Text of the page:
Katrin Garfoot won Commonwealth Games time trial gold at Gold Coast 2018 ©Getty Images

The Australian Olympic Committee (AOC) have congratulated Katrin Garfoot after her retirement from cycling.

Garfoot only began cycling professionally at the age of 29, but has enjoyed impressive success on the bike over the past seven years.

The German-born athlete was crowned Oceania road race champion in 2013, before winning the time trial title at the event in 2015 and 2016.

She earned three national time trial victories and also won the road race gold in 2017.

Success continued at the International Cycling Union (UCI) Road World Championships, with a bronze secured in the time trial in Doha during 2016.

A repeat bronze last year in Bergen came before a silver medal in the women's road race event.

The Gold Coast based athlete would secure time trial gold at the Commonwealth Games in the Australian city, improving on her bronze medal from Glasgow 2014.

"My cycling career was an intense time for me and now I want to enjoy life with my friends and family," said Garfoot.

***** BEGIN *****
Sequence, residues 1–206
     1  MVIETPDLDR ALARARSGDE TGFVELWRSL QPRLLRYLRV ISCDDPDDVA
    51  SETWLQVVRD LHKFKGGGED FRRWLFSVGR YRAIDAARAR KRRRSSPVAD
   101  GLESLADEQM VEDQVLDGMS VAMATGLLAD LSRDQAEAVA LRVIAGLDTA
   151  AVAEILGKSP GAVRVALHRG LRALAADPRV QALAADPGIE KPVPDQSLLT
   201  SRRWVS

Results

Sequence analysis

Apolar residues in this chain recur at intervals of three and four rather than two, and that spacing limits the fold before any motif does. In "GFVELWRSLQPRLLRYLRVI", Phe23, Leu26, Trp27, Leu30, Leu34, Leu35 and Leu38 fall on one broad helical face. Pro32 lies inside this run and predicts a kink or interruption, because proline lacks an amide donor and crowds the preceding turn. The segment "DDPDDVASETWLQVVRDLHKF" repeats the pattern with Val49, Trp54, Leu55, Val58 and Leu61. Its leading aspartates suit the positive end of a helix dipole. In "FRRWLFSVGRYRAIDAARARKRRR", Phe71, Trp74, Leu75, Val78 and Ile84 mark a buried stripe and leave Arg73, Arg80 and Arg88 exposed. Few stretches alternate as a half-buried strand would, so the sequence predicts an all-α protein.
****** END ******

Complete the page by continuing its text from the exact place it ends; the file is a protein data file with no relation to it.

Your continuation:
"I thank everyone involved and everyone who supported me.

"A lot of people asked me 'what comes next for you?'

"I am not certain of what that is, but I am taking my time to mull over some ideas and see what comes of it."

The AOC have paid tribute to Garfoot, a ninth place finisher in the Rio 2016 Olympic time trial, following her retirement.

AOC chief executive Matt Carroll claimed Garfoot would be successful in her future endeavours.

"Katrin is a great example of the Australian Olympic spirit," he said.

"After only taking up competitive cycling aged 29, Katrin represented Australia with dedication and pride.

"I want to thank Katrin for the years of hard work she put in to represent Australia on the world stage and wish her all the best in her future endeavours.

"With her drive and attitude, I am sure Katrin will be highly successful in whatever field she chooses to pursue."

The AOC state Garfoot has been working with the AOC's mentor programme to aid her change, with the programme linking Olympic athletes with fellow Olympians and Australian business professionals who are now experts in their field, to coach them through the next stage of their life.

"I believe mentorship programs can prepare competing athletes for a life after their sporting career through giving them guided and valuable insights into work life," Garfoot said.